"Playing the Albany game for big gain," Times Union, 3 May 2009

Sunday front-page story examines how state leaders missed opportunities to prevent and expose alleged pay-to-play schemes at the New York State Comptroller's office under Alan Hevesi.


ALBANY — In a state where corruption and government scandal make daily headlines, the notion that New York's class of powerful political operatives could use undue influence to enrich themselves through government is nothing new. Over a century ago, state Sen. George Washington Plunkitt, part of the Tammany Hall machine, wrote about the exercise of power for personal gain by noting, "I seen my opportunities and I took 'em."

But in today's investigation of "pay-to-play" corruption at the state pension fund, what makes the schemes allegedly organized by top Democratic operative Hank Morris so unique — and so difficult to detect — was that they aligned two spheres that rarely overlap in Albany: public finance and politics.

But the alleged scheme could have been revealed much sooner if state leaders had heeded the warnings of government watchdogs.

Morris has been charged with conspiring to sell access to billions of taxpayer dollars in exchange for millions of dollars in kickbacks and other payments for political and personal gain in a "pay-to-play" scheme at the pension fund, formally known as the New York State Common Retirement Fund.

Morris was the top political adviser to former state Comptroller Alan Hevesi, who, as the state pension fund's sole trustee, had unfettered control over the investment decisions for the fund. Morris allegedly set up shop as a placement agent and charged a commission for granting access to Hevesi's office, according to the indictment.

In April, hedge fund manager Barrett Wissman pleaded guilty to felony fraud for his role in a kickback scheme involving Morris. The hedge fund manager admitted pocketing at least $12 million for helping to direct $100 million in pension dollars to Hunt Financial Ventures and kicking back $600,000 to Morris.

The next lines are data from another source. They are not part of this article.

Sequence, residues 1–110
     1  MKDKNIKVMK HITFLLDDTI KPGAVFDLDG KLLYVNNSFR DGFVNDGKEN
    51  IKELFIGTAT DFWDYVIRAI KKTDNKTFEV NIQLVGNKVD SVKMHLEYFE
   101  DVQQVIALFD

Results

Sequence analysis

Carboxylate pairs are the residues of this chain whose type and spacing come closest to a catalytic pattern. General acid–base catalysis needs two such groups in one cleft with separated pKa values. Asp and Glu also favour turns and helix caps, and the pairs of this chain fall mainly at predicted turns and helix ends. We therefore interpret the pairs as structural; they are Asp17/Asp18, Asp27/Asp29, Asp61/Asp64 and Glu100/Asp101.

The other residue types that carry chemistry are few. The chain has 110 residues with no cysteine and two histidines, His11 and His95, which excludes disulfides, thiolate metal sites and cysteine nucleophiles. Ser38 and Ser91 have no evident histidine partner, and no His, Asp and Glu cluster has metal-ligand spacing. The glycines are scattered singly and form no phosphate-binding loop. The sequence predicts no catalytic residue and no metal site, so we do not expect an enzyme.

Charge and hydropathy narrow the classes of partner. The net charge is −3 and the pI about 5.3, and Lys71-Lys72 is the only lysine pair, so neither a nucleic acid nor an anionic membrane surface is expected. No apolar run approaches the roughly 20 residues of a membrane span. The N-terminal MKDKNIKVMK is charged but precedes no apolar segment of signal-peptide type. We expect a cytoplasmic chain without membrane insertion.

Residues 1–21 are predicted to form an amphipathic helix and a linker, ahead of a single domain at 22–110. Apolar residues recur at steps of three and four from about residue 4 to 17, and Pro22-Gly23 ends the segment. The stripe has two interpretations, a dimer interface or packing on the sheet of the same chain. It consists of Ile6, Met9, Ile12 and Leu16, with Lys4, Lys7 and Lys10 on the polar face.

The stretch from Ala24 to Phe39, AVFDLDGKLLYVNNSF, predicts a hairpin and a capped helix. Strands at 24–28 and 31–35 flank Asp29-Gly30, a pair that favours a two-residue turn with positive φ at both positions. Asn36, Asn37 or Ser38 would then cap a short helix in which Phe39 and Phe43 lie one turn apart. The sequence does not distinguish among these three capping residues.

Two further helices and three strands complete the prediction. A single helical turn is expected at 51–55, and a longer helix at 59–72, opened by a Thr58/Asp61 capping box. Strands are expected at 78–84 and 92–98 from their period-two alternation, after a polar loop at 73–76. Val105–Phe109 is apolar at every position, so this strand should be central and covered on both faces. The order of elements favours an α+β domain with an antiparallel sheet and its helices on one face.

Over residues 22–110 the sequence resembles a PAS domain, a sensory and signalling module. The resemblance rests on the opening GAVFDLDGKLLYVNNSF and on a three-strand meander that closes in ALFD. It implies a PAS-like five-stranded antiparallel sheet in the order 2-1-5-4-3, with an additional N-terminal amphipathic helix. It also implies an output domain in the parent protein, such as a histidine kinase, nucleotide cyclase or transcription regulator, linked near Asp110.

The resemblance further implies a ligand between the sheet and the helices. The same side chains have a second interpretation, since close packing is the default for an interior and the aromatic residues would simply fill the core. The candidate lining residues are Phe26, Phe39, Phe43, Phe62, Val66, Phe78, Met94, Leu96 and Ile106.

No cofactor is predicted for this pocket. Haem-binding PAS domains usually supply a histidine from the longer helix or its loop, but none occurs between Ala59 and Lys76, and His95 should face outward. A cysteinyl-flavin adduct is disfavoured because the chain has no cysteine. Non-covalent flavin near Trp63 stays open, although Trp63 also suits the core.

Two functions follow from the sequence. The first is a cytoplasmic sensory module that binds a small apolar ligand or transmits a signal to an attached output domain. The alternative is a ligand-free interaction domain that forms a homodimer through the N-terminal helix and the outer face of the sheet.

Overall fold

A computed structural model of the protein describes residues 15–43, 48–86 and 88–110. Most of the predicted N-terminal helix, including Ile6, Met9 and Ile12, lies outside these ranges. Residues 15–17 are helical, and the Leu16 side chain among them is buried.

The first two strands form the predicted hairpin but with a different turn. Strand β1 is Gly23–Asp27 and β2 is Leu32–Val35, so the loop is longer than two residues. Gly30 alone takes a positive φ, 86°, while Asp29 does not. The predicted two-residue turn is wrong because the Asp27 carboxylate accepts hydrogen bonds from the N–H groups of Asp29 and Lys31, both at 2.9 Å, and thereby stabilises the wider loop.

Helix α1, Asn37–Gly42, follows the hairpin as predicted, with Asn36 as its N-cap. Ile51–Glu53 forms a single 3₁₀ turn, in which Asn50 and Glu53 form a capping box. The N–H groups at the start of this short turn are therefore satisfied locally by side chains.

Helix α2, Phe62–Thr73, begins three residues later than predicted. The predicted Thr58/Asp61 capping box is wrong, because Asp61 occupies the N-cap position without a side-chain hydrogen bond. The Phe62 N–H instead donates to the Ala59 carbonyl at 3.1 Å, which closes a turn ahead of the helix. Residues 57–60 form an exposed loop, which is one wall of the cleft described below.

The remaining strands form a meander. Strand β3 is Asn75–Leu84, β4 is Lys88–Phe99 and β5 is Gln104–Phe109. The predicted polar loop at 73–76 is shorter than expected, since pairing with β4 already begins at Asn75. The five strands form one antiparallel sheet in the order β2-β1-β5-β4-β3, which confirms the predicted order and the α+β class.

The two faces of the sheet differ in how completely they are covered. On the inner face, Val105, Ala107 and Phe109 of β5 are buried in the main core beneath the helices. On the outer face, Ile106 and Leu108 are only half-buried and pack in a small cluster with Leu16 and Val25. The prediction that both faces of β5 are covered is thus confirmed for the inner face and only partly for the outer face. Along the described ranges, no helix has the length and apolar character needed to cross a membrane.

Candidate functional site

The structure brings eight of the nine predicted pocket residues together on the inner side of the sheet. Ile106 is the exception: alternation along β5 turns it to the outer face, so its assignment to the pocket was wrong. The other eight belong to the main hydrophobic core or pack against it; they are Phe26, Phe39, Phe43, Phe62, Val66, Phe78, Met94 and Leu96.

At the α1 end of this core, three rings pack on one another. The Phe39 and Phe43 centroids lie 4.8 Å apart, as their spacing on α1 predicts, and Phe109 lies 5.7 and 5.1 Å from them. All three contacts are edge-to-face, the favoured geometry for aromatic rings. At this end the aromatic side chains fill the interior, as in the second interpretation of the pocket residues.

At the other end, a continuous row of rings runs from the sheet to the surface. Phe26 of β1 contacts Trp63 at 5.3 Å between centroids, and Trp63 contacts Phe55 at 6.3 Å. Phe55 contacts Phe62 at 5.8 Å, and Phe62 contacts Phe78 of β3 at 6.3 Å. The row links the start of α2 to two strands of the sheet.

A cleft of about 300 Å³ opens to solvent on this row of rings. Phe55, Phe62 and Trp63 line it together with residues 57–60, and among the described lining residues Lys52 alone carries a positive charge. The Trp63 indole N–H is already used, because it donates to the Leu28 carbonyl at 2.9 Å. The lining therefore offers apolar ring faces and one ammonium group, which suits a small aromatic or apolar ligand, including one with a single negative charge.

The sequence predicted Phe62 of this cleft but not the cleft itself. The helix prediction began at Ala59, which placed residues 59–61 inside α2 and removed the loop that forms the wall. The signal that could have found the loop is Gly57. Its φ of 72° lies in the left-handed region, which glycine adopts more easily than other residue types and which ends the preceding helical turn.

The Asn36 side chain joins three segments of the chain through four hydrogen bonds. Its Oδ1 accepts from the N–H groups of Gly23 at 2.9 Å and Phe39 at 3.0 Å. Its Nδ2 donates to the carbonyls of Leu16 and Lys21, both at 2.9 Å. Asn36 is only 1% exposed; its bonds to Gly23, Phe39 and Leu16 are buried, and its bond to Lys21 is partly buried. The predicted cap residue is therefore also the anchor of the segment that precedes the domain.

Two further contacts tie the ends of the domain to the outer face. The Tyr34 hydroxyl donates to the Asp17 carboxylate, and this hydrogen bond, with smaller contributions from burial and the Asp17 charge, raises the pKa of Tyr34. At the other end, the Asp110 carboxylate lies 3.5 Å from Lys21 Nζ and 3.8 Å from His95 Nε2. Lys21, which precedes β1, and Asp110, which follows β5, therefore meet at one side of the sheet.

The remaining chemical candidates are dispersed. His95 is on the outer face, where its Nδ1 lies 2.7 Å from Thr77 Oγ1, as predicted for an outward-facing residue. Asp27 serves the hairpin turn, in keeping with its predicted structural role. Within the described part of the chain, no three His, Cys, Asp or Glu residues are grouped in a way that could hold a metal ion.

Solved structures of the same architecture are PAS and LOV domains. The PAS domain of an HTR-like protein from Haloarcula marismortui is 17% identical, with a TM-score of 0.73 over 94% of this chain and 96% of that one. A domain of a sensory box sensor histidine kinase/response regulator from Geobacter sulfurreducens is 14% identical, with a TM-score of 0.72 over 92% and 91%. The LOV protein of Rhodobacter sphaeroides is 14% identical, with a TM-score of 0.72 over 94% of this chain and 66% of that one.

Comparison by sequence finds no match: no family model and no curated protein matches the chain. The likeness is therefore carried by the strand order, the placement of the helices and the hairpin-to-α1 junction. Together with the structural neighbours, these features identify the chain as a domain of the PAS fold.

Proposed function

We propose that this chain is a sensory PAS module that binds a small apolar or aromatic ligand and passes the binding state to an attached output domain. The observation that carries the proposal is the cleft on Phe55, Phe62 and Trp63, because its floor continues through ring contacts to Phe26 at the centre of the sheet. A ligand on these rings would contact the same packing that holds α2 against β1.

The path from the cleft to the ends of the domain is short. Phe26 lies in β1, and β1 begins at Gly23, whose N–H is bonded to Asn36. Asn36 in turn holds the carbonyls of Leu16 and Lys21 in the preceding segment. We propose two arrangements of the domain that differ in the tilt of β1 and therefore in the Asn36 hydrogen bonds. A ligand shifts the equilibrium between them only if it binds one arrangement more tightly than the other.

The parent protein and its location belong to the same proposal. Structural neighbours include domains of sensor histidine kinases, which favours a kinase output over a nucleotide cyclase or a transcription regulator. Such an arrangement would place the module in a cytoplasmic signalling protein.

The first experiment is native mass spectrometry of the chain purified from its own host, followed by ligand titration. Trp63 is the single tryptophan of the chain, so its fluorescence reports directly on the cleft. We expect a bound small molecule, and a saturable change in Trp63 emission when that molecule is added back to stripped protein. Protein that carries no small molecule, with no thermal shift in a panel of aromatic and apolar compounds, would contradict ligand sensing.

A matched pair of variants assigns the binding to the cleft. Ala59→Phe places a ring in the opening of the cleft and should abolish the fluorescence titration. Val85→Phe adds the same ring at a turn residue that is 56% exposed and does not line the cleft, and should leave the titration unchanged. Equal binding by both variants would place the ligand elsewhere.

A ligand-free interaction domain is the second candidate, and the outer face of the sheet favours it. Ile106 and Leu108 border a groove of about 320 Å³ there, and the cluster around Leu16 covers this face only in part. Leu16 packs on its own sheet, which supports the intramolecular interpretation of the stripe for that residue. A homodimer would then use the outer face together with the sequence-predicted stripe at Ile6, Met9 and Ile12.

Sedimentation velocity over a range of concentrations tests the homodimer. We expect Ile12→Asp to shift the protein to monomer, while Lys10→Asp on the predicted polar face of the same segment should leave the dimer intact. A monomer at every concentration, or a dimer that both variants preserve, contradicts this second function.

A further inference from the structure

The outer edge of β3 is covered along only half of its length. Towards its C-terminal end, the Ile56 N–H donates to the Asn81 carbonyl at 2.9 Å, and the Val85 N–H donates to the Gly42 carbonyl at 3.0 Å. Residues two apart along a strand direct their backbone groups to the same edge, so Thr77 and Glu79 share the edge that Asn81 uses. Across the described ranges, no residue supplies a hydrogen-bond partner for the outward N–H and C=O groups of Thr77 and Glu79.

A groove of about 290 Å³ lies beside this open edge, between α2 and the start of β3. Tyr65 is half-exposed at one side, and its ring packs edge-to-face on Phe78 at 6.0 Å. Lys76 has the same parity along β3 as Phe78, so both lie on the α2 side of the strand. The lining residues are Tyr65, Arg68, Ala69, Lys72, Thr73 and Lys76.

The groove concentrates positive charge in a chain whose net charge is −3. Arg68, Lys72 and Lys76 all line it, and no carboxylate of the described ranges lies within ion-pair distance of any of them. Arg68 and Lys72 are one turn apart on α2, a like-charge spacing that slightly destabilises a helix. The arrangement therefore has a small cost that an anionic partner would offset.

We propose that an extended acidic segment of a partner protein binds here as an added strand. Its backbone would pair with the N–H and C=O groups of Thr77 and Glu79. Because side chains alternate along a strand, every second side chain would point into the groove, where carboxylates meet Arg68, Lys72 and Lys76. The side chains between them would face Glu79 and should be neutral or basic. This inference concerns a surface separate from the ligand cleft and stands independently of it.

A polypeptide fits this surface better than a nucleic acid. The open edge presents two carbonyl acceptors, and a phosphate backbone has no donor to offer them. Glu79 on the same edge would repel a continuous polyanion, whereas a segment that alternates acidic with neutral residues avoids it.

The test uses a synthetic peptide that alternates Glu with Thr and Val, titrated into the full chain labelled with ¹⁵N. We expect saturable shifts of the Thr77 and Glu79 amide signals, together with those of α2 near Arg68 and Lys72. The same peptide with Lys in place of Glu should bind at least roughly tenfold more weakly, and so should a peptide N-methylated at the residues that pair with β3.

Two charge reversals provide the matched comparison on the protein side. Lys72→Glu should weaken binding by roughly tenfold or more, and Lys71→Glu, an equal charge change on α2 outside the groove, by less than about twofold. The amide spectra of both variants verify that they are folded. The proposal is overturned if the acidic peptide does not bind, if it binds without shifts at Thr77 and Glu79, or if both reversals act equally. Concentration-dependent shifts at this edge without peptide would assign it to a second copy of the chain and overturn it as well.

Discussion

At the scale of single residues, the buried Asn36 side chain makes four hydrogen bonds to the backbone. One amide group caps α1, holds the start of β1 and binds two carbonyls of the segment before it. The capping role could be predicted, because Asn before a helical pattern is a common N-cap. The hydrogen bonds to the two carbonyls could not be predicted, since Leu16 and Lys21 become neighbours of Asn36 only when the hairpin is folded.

For those who inhabit the Capitol — legislators, staffers, lobbyists and advocates — politics and influence are largely applied toward crafting legislation and regulations. Until Morris' alleged scheme surfaced, few could have anticipated that the same political influence could be wielded to broker complex financial deals that comprise the $122 billion state pension fund.

For decades, control of the fund "has been the purview of Wall Street investment houses and a handful of white-shoe law firms — all of whom allegedly answered to the SEC," said John Cordo, a prominent Albany lobbyist who worked for years as counsel in the state Senate. "There wasn't much overlap with Albany's traditional political and lobbying core. It seems that several years ago that began to change."

Attorney General Andrew Cuomo, who is leading the pension fund investigation in conjunction with the SEC, told reporters Thursday that the alleged Morris operation is "the worst of both worlds … the worst of the private-sector financial community meeting the worst of the government and political community."

Cuomo said these pay-to-play schemes are a national problem, but that the situation is worse in New York because of the confluence of two factors. First, New York is one of only three states that have a sole 

trusteeship, the state comptroller, in charge of the pension fund. Second, New York allows what Cuomo termed "exorbitant" campaign contribution limits for statewide elected positions — $55,000 per individual or Limited Liability Corporation.

"I believe that (combination) is TNT — it causes an explosion," Cuomo said.

State Comptroller Thomas DiNapoli has voluntarily capped contributions to his campaign at $10,000 per individual or LLC, and has introduced a program bill to enable public financing of the comptroller's race. He is currently seeking sponsors to carry the bill in the Assembly and Senate.

While Capitol insiders might not have anticipated the hazards of pay-to-play, Arthur Levitt Jr., son of former state Comptroller Arthur Levitt Sr. and the longest-serving chairman of the Securities and Exchange Commission, sounded the alarm over a decade ago.